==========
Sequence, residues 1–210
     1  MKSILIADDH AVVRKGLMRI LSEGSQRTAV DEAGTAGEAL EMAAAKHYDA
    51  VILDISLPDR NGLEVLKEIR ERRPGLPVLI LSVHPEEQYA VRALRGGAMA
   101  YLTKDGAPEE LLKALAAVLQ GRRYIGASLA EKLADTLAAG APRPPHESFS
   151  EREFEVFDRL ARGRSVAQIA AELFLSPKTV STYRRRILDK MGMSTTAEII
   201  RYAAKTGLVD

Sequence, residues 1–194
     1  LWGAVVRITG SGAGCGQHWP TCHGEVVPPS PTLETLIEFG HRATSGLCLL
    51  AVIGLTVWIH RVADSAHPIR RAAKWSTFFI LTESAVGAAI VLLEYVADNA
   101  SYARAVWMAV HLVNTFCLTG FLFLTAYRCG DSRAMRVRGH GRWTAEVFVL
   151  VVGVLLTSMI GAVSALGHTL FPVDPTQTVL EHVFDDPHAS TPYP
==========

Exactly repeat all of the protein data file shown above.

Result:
Sequence, residues 1–210
     1  MKSILIADDH AVVRKGLMRI LSEGSQRTAV DEAGTAGEAL EMAAAKHYDA
    51  VILDISLPDR NGLEVLKEIR ERRPGLPVLI LSVHPEEQYA VRALRGGAMA
   101  YLTKDGAPEE LLKALAAVLQ GRRYIGASLA EKLADTLAAG APRPPHESFS
   151  EREFEVFDRL ARGRSVAQIA AELFLSPKTV STYRRRILDK MGMSTTAEII
   201  RYAAKTGLVD

Sequence, residues 1–194
     1  LWGAVVRITG SGAGCGQHWP TCHGEVVPPS PTLETLIEFG HRATSGLCLL
    51  AVIGLTVWIH RVADSAHPIR RAAKWSTFFI LTESAVGAAI VLLEYVADNA
   101  SYARAVWMAV HLVNTFCLTG FLFLTAYRCG DSRAMRVRGH GRWTAEVFVL
   151  VVGVLLTSMI GAVSALGHTL FPVDPTQTVL EHVFDDPHAS TPYP